Porcelain Enamel - Glass lined Steel
" The Unknown Known" (Video in German Language)
The surface protection by enamelling, smiled at by our throw-away society as antiquated, is once again proving to be highly topical today. From an ecological point of view, enamelled products are better by nature. The enamelled surface is environmentally friendly.
In the production and processing of enamels, raw materials are used which are sufficiently available in nature. Quartz, feldspar, borax, soda, potash and metal oxides are mainly used as basic materials for enamel production. The scarce resources of our earth are therefore not attacked. Enamel does not contain any questionable substances. Only water is used as a dispersion medium during processing in the enamelling plant. This means: no pollution for employees in the enamelling plants and no pollution of the environment. The used process water is cleaned with modern waste water treatment plants and can be reused as fresh process water in a cost-saving way in the cycle.
Properties of enamelled products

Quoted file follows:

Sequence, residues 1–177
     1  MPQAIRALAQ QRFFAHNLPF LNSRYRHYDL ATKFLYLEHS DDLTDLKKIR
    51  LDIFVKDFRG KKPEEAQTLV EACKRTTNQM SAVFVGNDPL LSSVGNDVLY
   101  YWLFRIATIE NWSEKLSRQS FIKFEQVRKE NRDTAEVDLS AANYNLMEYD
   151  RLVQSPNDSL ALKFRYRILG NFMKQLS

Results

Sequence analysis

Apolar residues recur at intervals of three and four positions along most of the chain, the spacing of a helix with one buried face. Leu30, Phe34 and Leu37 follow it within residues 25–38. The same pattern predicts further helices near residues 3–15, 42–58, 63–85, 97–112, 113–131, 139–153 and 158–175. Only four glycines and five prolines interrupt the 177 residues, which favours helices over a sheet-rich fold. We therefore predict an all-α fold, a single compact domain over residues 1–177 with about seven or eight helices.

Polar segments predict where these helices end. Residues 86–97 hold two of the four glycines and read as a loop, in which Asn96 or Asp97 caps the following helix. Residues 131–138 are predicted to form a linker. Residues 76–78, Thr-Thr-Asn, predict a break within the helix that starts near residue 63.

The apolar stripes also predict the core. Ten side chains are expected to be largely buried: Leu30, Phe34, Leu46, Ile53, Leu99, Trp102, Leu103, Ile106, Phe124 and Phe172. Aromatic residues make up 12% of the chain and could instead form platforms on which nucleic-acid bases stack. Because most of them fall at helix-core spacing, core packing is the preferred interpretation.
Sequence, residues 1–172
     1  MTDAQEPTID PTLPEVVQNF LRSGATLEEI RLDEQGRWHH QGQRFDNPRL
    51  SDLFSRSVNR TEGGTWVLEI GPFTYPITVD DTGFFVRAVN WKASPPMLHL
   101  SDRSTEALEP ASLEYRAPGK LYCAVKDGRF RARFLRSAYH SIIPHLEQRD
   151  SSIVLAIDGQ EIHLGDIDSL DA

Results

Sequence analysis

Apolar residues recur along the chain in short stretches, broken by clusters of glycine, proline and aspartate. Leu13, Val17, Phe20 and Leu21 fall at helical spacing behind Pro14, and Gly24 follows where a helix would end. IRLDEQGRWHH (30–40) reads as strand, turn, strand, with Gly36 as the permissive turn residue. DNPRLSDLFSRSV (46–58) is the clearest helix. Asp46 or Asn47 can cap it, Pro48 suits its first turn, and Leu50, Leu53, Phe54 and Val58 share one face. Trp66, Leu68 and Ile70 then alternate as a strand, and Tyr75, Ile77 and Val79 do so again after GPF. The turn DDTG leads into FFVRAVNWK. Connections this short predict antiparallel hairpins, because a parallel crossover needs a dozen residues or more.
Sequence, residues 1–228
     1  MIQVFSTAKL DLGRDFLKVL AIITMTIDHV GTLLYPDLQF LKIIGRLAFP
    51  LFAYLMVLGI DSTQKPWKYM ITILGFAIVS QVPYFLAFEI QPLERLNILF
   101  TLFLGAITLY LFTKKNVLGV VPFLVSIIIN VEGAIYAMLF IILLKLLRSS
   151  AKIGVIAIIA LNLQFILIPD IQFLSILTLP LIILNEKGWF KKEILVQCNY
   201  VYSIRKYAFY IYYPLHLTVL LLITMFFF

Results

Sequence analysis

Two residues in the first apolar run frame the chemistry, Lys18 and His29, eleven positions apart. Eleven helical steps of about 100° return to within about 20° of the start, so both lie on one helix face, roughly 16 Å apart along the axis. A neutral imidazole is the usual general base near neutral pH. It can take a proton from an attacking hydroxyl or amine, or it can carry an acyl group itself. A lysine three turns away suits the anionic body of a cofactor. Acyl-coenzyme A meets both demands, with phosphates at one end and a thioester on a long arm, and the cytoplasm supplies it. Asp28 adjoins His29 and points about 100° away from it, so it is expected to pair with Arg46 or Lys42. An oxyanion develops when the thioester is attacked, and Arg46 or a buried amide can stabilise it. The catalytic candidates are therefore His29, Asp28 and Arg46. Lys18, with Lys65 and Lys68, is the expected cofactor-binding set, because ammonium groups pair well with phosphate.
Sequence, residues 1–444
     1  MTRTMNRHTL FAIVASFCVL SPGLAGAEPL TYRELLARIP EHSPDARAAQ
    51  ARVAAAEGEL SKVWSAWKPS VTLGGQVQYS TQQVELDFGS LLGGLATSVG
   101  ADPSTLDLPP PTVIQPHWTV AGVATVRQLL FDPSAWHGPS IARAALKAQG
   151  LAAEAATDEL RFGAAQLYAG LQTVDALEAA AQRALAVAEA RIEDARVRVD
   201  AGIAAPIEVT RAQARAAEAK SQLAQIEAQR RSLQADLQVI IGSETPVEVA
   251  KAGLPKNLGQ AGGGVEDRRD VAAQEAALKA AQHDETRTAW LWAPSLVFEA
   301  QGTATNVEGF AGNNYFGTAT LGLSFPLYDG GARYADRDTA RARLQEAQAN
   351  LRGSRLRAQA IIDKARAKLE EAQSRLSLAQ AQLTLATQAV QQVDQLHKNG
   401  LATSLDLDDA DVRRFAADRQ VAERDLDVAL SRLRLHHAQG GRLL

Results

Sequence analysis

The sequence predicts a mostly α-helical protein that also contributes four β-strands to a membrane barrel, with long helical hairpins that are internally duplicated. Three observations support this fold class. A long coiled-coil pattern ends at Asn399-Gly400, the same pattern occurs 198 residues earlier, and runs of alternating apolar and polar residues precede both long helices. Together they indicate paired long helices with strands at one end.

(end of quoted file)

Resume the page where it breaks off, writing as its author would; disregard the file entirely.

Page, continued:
Glass lined products can be stressed hard and provide a very long lifetime. On the aspect of quality, operating efficiency and ecology enamel is a high class surface protection.
Steel, grey cast iron and aluminum are used as substrate for glass lined surfaces. Independent of which substrate is used for the glass lining the possibility of recycling is always given. Due to the melting of those the circuit from the raw material to the new product is successfully closed without any harm for the environment.
With other material these recycling problems are inevitable, especially after the expired lifetime which is very short compared to enamel if there is only the possibility to store it on a waste dump or to burn it. This kind of waste disposal is highly controversial.
Email & History
Long before Common Era people from eastern Asia, Chinese, Japanese, Indians and people from the area of the black sea achieved high reputation for this type of art. Enamel started its history as a type of art. The first prime time of enamel artwork is mentioned in the fifth to tenth century anno Domini in Byzantium. You have to point out the enamel art at the Rhine from the 11th to 14th century and in Limoges, France from the 12th to 17th century